2. Create behavior(s).
  3. Add behaviors to the dynamic animator.

Dynamics Example

Let’s look at an example that adds gravity and a collision boundary to a UIView.


Adding gravity to an image view follows the 3 steps outlined above.

We’ll work in the ViewDidLoad method for this example. First, add a UIImageView instance as follows:

image = UIImage.FromFile ("monkeys.jpg");

imageView = new UIImageView (new CGRect (new CGPoint (View.Center.X - image.Size.Width / 2, 0), image.Size)) {
                    Image =  image

View.AddSubview (imageView);

This creates an image view centered at the top edge of the screen. To make the image “fall” with gravity, create an instance of a UIDynamicAnimator:

dynAnimator = new UIDynamicAnimator (this.View);

The UIDynamicAnimator takes an instance of a reference UIView or a UICollectionViewLayout, which contains the items that will be animated per the attached behavior(s).

Next, create a UIGravityBehavior instance. You can pass one or more objects implementing the IUIDynamicItem, like a UIView:

var gravity = new UIGravityBehavior (dynItems);

The behavior is passed an array of IUIDynamicItem, which in this case contains the single UIImageView instance we are animating.

Finally, add the behavior to the dynamic animator:

dynAnimator.AddBehavior (gravity);

This results in the image animating downward with gravity, as illustrated below:

Since there is nothing constraining the boundaries of the screen, the image view simply falls off the bottom. To constrain the view so that the image collides with the edges of the screen, we can add a UICollisionBehavior. We'll cover this in the next section.


We'll begin by creating a UICollisionBehavior and adding it to the dynamic animator, just like we did for the UIGravityBehavior.

Modify the code to include the UICollisionBehavior:

using (image = UIImage.FromFile ("monkeys.jpg")) {

    imageView = new UIImageView (new CGRect (new CGPoint (View.Center.X - image.Size.Width / 2, 0), image.Size)) {
        Image =  image

    View.AddSubview (imageView);

    // 1. create the dynamic animator
    dynAnimator = new UIDynamicAnimator (this.View);

    // 2. create behavior(s)
    var gravity = new UIGravityBehavior (imageView);
    var collision = new UICollisionBehavior (imageView) {
        TranslatesReferenceBoundsIntoBoundary = true

    // 3. add behaviors(s) to the dynamic animator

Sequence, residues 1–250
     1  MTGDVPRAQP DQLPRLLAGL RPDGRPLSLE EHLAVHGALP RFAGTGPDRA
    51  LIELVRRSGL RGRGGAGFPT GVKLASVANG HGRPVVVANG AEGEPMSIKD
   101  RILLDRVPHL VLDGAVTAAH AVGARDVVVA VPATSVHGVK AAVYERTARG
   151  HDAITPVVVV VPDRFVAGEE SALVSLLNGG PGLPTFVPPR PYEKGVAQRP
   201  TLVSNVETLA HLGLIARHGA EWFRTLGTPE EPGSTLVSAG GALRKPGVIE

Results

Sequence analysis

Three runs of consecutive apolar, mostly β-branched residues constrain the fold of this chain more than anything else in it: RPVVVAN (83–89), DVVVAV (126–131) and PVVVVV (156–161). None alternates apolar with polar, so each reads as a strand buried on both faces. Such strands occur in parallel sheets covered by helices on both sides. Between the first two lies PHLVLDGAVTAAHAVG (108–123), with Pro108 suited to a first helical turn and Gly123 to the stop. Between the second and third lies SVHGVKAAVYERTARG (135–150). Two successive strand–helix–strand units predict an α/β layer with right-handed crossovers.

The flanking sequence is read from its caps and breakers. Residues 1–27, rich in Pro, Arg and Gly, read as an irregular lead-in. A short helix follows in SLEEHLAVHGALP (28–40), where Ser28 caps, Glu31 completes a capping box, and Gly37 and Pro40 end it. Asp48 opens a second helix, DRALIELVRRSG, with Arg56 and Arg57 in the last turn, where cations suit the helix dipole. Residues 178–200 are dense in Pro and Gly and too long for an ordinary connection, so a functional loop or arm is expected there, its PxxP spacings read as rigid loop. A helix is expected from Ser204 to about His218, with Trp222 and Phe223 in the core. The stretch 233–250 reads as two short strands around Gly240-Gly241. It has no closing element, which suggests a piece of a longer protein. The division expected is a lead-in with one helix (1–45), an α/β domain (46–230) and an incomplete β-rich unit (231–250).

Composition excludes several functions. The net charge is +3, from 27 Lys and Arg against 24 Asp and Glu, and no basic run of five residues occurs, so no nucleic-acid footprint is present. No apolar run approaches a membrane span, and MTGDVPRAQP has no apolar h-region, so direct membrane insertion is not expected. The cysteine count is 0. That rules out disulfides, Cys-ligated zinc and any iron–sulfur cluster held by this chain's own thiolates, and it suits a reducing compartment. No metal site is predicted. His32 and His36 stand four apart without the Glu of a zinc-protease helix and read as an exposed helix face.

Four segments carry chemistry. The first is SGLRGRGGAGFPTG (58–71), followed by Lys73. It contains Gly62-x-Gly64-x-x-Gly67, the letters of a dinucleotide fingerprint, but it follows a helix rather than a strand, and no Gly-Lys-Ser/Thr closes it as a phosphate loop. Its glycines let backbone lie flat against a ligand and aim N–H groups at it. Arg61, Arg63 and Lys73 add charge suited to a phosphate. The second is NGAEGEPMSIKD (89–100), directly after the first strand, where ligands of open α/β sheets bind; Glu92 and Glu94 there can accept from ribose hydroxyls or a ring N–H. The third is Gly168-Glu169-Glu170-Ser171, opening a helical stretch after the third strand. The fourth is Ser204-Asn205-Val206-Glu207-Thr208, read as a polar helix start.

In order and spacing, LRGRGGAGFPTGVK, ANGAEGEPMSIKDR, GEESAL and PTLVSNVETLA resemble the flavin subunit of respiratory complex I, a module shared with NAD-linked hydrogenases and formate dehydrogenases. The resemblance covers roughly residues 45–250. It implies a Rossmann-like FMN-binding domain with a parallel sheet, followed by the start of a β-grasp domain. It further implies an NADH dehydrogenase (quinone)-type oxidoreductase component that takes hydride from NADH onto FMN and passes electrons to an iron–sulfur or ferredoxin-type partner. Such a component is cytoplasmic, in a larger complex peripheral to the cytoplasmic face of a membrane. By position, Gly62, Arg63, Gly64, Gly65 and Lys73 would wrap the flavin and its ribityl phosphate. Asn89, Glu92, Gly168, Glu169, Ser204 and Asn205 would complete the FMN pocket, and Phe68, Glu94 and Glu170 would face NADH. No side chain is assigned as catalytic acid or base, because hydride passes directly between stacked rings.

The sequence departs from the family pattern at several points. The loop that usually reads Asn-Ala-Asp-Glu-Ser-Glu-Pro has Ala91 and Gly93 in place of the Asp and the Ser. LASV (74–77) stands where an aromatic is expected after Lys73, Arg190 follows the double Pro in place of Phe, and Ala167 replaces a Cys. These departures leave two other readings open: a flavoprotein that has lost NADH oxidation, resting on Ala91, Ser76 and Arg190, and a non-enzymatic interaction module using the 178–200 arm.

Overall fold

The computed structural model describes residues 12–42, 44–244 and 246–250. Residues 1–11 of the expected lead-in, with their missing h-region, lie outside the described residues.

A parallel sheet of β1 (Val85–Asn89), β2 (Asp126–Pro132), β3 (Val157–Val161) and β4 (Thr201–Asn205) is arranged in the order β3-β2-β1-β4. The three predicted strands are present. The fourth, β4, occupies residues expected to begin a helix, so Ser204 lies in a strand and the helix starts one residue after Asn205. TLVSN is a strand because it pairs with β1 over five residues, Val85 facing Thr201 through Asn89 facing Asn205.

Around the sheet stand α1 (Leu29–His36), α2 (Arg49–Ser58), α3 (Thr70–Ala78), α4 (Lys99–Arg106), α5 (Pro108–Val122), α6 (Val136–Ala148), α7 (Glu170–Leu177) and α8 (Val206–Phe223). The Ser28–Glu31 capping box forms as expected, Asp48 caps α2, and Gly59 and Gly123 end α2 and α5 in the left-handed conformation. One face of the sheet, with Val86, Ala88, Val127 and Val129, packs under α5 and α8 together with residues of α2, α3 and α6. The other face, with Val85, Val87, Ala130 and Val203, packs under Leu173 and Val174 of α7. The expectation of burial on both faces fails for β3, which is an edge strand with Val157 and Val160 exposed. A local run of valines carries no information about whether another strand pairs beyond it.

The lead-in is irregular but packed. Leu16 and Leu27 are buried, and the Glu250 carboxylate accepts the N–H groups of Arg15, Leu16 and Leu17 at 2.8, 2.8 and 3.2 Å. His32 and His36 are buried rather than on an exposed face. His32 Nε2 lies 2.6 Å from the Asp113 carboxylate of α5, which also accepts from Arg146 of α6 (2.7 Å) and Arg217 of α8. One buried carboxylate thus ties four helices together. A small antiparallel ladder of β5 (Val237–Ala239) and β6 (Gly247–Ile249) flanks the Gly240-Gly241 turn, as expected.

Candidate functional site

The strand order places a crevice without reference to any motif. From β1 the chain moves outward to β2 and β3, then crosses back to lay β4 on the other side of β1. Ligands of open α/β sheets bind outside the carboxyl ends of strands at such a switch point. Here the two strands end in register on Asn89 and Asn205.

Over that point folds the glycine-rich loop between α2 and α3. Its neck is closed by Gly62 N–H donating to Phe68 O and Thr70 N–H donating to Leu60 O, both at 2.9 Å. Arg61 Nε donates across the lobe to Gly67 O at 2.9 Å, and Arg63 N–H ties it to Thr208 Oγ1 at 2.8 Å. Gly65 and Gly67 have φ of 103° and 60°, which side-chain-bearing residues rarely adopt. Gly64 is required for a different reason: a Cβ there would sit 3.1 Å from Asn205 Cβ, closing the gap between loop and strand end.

dynAnimator.AddBehaviors (gravity, collision);

The UICollisionBehavior has a property called TranslatesReferenceBoundsIntoBoundry. Setting this to true causes the reference view’s bounds to be used as a collision boundary.

Now, when the image animates downward with gravity, it bounces slightly off the bottom of the screen before settling to rest there.


We can further control the behavior of the falling image view with additional behaviors. For example, we could add a UIDynamicItemBehavior to increase the elasticity, causing the image view to bounce more when it collides with the bottom of the screen.

Adding a UIDynamicItemBehavior follows the same steps as with the other behaviors. First create the behavior:

var dynBehavior = new UIDynamicItemBehavior (dynItems) {
    Elasticity = 0.7f

Then, add the behavior to the dynamic animator:

dynAnimator.AddBehavior (dynBehavior);

With this behavior in place, the image view bounces more when it collides with the boundary.

General User Interface Changes

In addition to the new UIKit APIs such as UIKit Dynamics, Controller transitions, and enhanced UIView animations described above, iOS 7 introduces a variety of visual changes to the UI, and related API changes for various views and controls. For more information see the iOS 7 User Interface Overview.

Text Kit

Text Kit is a new API that offers powerful text layout and rendering features. It is built on top of the low level Core Text framework, but is much easier to use than Core Text.

For more information, please see our TextKit


iOS 7 changes when and how background work is performed. Task completion in iOS 7 no longer keeps applications awake when tasks are running in the background, and applications are woken for background processing in a non-contiguous manner. iOS 7 also adds three new APIs for updating applications with new content in the background:

  • Background Fetch – Allows applications to update content in the background at regular intervals.
  • Remote Notifications - Allows applications to update content when receiving a push notification. The notifications can be either silent or can display a banner on the lock screen.
  • Background Transfer Service – Allows uploading and downloading of data, such as large files, without a fixed time limit.

For more details about the new multitasking capabilities, see the iOS sections of the Xamarin Backgrounding guide.


This article covers several major new additions to iOS. First, it shows how to add custom transitions to View Controllers. Then, it shows how to use transitions in collection views, both from within a navigation controller, as well as interactively between collection views. Next, it introduces several enhancements made to UIView animations, showing how applications use UIKit for things that previously required programming directly against Core Animation. Finally, new UIKit Dynamics API, which brings a physics engine to UIKit, is introduced alongside the rich text support now available in the Text Kit framework.